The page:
A high street revival will take stakeholder commitment says Angus Burrell

The high street as we once knew it no longer exists. Household names are dropping at an alarming rate, independents are struggling to make rent and local facilities are getting scrapped due to funding cuts. The demise of the high street is not just a sad totem to a more romantic era of retail, but a sign of the significant societal change to come.

In 2018, the UK suffered a net loss of 7,550 shops. Recently William Hill has announced that it is closing 700 betting stores and axing 4500 jobs on Britain’s high streets, demonstrating the tough conditions that face all sectors. Undeniably convenient options online have left the traditional high street struggling to carve out a distinct role in people's lives and as such neglect the beating heart of most local communities and city centres. 

If the high street is to be resurrected, it must be designed with the consumer of today in mind. This seems obvious, but it isn’t being done. The high street must offer more than products, it must take the customer on an experience that only the physical store can facilitate. Dyson is a recent example of how a brand has used the shop floor to create an experiential destination for their customers. Their hugely successful demo stores have offered consumers a try-before-you-buy experience, enabling them to immerse themselves in the brand experience before committing to the purchase. Through using the high street as an experiential destination, rather than a place to purchase, retailers can engage customers on a deeper level and earn a competitive edge against their counterparts.

In order to succeed in the highstreet’s turnaround, all stakeholders must commit to making a combined effort. It requires retailers, landlords and local councils to come together to offer consumers a destination in concert with their digital experiences. 

To steer this change, each stakeholder must be represented to highlight and address the opportunity at hand. For example, local councils and authorities must manage issues such as free parking and better transport links and retailers need to rethink the in-store shopping experience for digital consumers. The wants and needs of the consumer should also be front and centre. There is no quick solution to this transformation. Listening to each stakeholder and implementing changes is going to take time. But failing to address these issues and identify areas of opportunity swiftly will only serve to maintain the decline of the high street.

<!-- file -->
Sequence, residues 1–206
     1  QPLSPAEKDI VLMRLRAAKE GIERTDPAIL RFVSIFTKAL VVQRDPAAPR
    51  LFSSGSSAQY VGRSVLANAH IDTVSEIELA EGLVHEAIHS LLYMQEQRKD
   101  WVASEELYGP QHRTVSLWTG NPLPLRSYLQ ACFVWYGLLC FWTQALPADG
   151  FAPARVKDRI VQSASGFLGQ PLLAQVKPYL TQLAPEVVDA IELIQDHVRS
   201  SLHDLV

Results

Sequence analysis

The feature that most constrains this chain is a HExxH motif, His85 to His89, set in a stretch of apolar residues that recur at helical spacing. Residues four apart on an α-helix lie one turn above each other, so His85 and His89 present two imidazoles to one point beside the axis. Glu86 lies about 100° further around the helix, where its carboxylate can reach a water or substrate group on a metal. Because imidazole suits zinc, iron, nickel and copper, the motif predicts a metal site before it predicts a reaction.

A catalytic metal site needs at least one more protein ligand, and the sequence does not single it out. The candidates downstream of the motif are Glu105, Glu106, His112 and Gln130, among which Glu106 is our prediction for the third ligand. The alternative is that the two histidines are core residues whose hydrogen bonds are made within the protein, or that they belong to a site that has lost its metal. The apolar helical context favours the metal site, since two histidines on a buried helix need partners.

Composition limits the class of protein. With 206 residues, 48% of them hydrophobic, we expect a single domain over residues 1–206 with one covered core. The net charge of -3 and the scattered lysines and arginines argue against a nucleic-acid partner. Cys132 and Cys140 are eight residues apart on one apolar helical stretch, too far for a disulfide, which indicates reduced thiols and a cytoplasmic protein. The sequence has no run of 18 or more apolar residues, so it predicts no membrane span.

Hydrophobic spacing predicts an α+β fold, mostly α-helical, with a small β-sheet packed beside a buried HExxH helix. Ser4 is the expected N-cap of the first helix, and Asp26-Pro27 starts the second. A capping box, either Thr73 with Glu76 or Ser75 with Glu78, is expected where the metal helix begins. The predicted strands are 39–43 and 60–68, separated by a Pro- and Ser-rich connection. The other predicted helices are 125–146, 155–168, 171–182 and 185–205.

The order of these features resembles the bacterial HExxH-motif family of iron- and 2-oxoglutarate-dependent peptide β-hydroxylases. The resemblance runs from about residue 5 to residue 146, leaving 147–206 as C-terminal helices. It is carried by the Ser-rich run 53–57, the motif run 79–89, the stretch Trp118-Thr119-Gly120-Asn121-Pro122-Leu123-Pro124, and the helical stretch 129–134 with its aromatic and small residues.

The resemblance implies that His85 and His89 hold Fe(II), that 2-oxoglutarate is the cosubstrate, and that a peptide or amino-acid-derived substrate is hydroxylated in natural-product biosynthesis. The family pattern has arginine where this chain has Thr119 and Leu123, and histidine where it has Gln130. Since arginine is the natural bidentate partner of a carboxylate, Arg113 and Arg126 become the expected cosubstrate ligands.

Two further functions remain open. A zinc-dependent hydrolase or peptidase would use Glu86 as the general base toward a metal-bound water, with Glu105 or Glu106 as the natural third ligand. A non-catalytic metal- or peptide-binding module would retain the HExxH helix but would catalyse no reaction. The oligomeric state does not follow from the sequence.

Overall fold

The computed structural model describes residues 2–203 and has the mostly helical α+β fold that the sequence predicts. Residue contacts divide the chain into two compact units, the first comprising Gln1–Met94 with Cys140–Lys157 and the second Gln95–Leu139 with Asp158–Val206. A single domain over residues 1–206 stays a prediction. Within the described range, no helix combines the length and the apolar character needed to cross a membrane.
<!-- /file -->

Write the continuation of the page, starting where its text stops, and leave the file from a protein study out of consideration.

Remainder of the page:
There are some examples of high streets beginning this transformation. For example, local councils, such as Doncaster, are stepping up and prioritising the future development of the high street an experience destination. Retailers must start to rethink the in-store experience through redesigning the purpose of the ‘shop floor’ and establishing experience zones for product demos and brand immersion. Furthermore, retailers should look at offering additional experiences and activities that compliment their brand as part of their offering. Sweaty Betty has introduced fitness studios into a number of their stores and is running exercise classes, using their fitness accessories. These experiential extras can lure customers from behind the screen and back into the shop.

Initiating a huge transformation feels daunting, but beginning with the small changes can make a huge difference, as long as it doesn’t just stop there. Valitor’s recent research on the After Payment Emotional Experience (APEX) found that more than half (54%) of consumers expect at least a basic level of care after making a purchase. Returns are one of the biggest factors of the after-care experience. So much so that almost two thirds (60%) of shoppers will not return to a retailer if there are issues returning a product. With 38% of consumers wanting to return items to a store, retailers must look at equipping their stores for a better returns experience. This step sounds small, but addressing such issues is what will make a retailer stand out from their competitors on the high street.

Resurrecting the high street lies in the hands of a number of stakeholders. The question is, are these stakeholders willing to work together and commit to putting the interests of the consumer at the heart of high street? Retailers must make change, not wait for it to happen. To start the change, focusing on smaller issues such as returns policies can be a step change into steering the modern consumer in-store. The future for bricks and mortar doesn’t need to be a bleak one, but we must commit to a single consumer led vision of the high street, regardless of channel, to turn things around.

Angus Burrell is General Manager UK of omni-channel solutions group Valitor


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